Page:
This issue contains an interesting collection of articles which cover a diverse range of topics but offer a serendipidous degree of thematic coherence. It begins with the keynote address delivered by Professor Marilyn McMeniman at the Annual Research Forum of the Queensland Institute for Educational Research (QIER) in August 1997. McMeniman offers a timely reminder of the continuing relevance of Dewey's grand vision in relation to educational research and the implications of this vision for overcoming the destructive effects of the 'tyranny of false dichotomies' in our research paradigms through greater tolerance of alternative views and concern for synthesis of different perspectives. The article shows how Dewey's central questions about the nature of knowing and the process of learning remain central to the concerns of educational researchers today. However, McMeniman illustrates methodological advances in studying these questions using examples of think-aloud protocols as a technique for discovering how learners learn. She concludes that as researchers and teachers we ought to be sharing the processes and results of this research more widely both because of the powerfulness of helping learners to understand their own learning processes and because of the role parents and caregivers play in the learning of their children.
Penney and Fox continue the theme of involvement in their article. They are concerned about the marginalisation of teachers in contemporary education reform and explore ways in which teachers can be repositioned in the process of reform. They present three case studies of teacher involvement in curriculum reform with differing degrees of success and draw conclusions about the factors that constrain and enable fundamental school-based change. They illustrate the potential for educational improvement which exists when teachers' professionalism is recognised and enlisted in the process of change.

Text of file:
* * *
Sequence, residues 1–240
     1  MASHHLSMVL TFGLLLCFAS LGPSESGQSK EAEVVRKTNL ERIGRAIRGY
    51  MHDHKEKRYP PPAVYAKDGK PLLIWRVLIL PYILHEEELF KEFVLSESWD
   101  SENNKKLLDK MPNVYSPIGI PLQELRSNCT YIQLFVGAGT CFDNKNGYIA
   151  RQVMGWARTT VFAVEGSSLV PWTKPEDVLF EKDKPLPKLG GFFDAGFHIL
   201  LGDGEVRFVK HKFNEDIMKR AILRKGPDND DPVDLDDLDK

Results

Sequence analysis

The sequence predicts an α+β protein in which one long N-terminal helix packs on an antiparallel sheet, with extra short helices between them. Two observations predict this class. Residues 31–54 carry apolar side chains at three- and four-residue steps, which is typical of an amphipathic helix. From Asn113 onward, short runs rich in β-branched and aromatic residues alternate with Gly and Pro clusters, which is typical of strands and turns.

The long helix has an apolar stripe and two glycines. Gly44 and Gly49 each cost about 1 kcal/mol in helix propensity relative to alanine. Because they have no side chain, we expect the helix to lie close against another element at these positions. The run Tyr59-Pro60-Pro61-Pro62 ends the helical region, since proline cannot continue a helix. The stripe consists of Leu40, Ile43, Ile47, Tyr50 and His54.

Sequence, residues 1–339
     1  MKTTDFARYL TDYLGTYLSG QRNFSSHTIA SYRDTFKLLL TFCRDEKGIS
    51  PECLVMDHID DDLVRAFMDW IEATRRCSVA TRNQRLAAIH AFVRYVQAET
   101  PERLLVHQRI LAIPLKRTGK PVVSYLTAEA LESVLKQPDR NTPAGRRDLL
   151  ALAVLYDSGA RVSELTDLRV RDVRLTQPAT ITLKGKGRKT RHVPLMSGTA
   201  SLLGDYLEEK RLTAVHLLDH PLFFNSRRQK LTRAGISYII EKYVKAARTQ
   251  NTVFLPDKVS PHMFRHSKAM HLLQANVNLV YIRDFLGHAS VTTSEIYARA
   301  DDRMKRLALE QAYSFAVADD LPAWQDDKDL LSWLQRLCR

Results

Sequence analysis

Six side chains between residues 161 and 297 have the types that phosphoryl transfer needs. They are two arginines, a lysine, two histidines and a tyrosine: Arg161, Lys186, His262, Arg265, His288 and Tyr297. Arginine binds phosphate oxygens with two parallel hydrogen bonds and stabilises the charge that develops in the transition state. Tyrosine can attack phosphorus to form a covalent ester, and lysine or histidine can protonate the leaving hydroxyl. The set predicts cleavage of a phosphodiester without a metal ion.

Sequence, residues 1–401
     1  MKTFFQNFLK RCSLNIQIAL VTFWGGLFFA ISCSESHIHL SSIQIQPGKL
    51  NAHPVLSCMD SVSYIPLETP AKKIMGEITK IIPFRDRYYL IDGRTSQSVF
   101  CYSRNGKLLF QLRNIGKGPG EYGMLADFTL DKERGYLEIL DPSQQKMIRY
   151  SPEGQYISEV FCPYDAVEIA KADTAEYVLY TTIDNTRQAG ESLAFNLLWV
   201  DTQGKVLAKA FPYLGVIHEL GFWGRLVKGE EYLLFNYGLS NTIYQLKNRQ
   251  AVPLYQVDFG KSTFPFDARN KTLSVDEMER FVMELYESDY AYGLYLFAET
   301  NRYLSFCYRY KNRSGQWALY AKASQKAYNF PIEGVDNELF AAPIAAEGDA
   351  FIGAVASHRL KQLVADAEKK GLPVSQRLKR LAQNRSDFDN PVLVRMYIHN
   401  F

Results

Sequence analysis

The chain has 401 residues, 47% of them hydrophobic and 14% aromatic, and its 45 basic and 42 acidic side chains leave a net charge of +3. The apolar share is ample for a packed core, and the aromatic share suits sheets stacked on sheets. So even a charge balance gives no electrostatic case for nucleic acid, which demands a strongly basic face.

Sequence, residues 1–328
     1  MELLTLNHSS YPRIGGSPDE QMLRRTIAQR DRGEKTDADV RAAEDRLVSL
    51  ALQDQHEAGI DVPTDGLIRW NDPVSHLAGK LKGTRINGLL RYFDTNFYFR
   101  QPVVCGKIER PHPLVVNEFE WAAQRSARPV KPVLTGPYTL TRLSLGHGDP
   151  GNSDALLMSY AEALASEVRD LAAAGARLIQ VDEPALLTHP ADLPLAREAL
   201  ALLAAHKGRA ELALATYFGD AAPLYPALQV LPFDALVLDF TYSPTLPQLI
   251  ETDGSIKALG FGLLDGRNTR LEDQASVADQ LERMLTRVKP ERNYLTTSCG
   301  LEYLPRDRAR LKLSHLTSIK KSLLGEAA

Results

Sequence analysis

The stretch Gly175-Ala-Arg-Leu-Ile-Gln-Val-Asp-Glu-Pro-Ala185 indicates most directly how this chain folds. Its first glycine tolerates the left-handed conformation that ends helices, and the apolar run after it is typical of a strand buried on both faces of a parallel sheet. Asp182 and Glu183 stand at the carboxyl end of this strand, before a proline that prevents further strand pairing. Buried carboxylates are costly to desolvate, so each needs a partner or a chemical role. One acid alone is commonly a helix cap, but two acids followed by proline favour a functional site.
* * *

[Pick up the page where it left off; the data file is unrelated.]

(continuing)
Wyer, Danaher, Kindt and Moriarty also deal with involvement of teachers in their professional practice. In this case they deal with the importance of the teacher's knowledge of educational contexts in managing the learning of children from a sub-culture of itinerant families. They draw on sociological concepts of 'boundary maintenance' and 'border crossing' to analyse the difficulties students and teachers have in such situations and the ways in which such difficulties might be resolved. Their study of 131 children from the coastal and western show circuits of Queensland illustrates these difficulties and demonstrates the importance of recognising and valuing the characteristics of these children's distinctive and disparate educational contexts. Baker pursues a similar theme but from a wider perspective. She analyses the potential value of anthropology in teacher education, especially as a means of freeing teachers from the 'tyranny of their cultures'. She looks particularly at the issue of 'school-home disarticulation' as a major cause of failure among minority students. Although her research was conducted in the USA where minority issues have a different complexion from those in Australia, the conclusions are generally applicable to any modern society and especially to Australia with its multicultural populace. Several constraints on the effectiveness of an anthropological curriculum to equip teachers to deal with cultural diversity and to adopt culturally inclusive teaching practices are explored. Nevertheless, the author concludes that there is much to be gained from the infusion of anthropological perspectives in teacher education.